The current welfare system isn’t working. The Conservative government has set out to reform the system, most recently by attempting to cut tax credits. Naturally, this caused a huge backlash from the left. Labour party leader Jeremy Corbyn argued the plan will leave many working families worse off. Surprisingly, criticisms of the plan also came from the right. The decision caused a split within the tory party. Conservative MP Heidi Allen, notably stood in parliament and made a strong case against the plans. In addition, right wing newspaper The Sun, called plans to cut tax credits ‘Bonkers’, and the Adam Smith Institute argued that cutting tax credits undermines incentives to work, which is contrary to the governments narrative of making work pay.
The Adam Smith Institute produced a report titled: Free Market Welfare: The case for a Negative Income Tax, arguing that, rather than cutting tax credits, the government should replace tax credits, Jobseeker’s Allowance, the Universal Credit, and most other major welfare payments with a single Negative Income Tax.
The Negative Income Tax isn’t a new idea. The idea was famously put forward by well-renowned economist Milton Friedman, over fifty years ago. However, perhaps now is the best time to consider adopting the plan.
What is it?
The Negative Income Tax (NIT) is a tax system which guarantees a minimum income for all. If someone is earning below a certain level, that person receives a credit from the government, guaranteeing them a minimum income. The great thing about NIT is that it bridges the gap between the left and the right. NIT provides a minimum income to individuals or families – satisfying the left, in a business friendly, free market way – which satisfies the right. Not only does the system lower the tax burden for all, reduce administration costs and balance the budget, it also radically simplifies the overly complex tax code, and bloated welfare bureaucracy.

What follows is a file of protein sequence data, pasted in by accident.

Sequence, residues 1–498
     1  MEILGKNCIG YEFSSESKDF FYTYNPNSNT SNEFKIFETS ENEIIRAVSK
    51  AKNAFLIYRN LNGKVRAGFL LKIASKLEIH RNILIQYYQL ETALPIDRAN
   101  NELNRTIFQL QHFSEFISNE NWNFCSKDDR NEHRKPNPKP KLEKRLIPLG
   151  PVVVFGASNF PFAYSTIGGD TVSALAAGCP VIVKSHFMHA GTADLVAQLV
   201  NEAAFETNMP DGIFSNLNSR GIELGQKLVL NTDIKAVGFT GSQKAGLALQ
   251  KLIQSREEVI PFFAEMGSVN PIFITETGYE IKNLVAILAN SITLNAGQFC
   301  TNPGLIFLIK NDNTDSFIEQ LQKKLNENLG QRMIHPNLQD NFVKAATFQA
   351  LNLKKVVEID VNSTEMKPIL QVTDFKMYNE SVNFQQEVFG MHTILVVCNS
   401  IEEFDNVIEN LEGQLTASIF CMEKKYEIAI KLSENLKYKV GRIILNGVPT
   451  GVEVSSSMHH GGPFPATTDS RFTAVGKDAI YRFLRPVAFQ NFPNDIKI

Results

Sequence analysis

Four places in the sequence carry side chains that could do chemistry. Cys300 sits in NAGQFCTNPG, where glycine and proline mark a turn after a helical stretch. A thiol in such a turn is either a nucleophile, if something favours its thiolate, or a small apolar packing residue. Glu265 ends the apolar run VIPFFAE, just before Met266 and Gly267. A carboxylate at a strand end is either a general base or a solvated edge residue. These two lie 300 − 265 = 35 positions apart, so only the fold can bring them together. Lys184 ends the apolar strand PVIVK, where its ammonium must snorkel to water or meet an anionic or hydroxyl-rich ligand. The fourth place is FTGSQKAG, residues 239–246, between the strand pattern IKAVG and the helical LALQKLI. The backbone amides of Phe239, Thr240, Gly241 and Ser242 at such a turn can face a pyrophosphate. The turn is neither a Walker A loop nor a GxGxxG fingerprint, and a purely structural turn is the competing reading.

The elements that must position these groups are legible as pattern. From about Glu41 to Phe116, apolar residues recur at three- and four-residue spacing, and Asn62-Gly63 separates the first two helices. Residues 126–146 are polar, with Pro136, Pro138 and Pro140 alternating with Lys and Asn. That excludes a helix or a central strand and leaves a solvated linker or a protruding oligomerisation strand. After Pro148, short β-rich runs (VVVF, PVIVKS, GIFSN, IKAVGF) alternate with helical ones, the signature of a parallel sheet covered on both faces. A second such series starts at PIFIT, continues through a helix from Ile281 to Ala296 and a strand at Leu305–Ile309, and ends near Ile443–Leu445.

Here’s an example of how it would work if the tax rate is a flat 25%, and if individuals receive £10,000 credit:
- A person who earns £0 would pay £0 tax and would receive a £10,000 credit, making a total of £10,000
- A person on minimum wage, who works 40 hours a week. would earn £13,520 per year. 25% is owed in taxes, so £2,380. They would receive a £10,000 credit, making a total of £21,140.
- A person who earns £40,000 per year would owe £10,000 tax and would receive a £10,000 credit, making a total of £40,000. At this point they have broke even. Anyone earning above £40,000 would become real taxpayers.
- A person who earns £100,000 would owe £25,000 tax, receive £10,000 credit, making a total of £85,000.
- A person who earns £1,000,000 would owe £250,000 tax, receive £10,000 credit, making a total of £760,000.
Note, these figures have just been used as an example and for ease of maths, I am not advocating these numbers to be used.
As we can see, no one would earn less than a certain amount, in this case £10,000 a year, which would go a long way to solving the problem of homelessness and poverty. Rather than having different benefits and different welfare programs for different things, NIT replaces all these with a single payment. As Friedman once said: “Nobody spends somebody else’s money as wisely as he spends his own”, thus individuals have the freedom to determine how the minimum income they receive is spent.
In addition, instead of destroying incentives to work, like a lot of current welfare programs do, NIT always provides an incentive to work and earn more. NIT could also replace the need for a national living wage, and even national minimum wage, which economists have long argued destroys jobs and makes it harder for young people and low skilled workers to get work.